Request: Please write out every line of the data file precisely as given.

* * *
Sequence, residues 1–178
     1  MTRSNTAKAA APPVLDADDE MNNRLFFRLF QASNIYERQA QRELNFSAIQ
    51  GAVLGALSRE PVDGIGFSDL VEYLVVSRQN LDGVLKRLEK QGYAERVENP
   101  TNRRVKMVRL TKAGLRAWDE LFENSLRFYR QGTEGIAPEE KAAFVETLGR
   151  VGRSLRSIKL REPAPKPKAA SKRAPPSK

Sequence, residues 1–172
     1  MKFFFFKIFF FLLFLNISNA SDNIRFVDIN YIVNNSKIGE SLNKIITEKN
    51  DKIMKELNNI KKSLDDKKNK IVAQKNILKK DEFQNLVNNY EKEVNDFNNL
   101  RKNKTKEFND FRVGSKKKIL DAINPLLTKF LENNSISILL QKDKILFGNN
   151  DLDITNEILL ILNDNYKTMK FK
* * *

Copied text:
Sequence, residues 1–178
     1  MTRSNTAKAA APPVLDADDE MNNRLFFRLF QASNIYERQA QRELNFSAIQ
    51  GAVLGALSRE PVDGIGFSDL VEYLVVSRQN LDGVLKRLEK QGYAERVENP
   101  TNRRVKMVRL TKAGLRAWDE LFENSLRFYR QGTEGIAPEE KAAFVETLGR
   151  VGRSLRSIKL REPAPKPKAA SKRAPPSK

Sequence, residues 1–172
     1  MKFFFFKIFF FLLFLNISNA SDNIRFVDIN YIVNNSKIGE SLNKIITEKN
    51  DKIMKELNNI KKSLDDKKNK IVAQKNILKK DEFQNLVNNY EKEVNDFNNL
   101  RKNKTKEFND FRVGSKKKIL DAINPLLTKF LENNSISILL QKDKILFGNN
   151  DLDITNEILL ILNDNYKTMK FK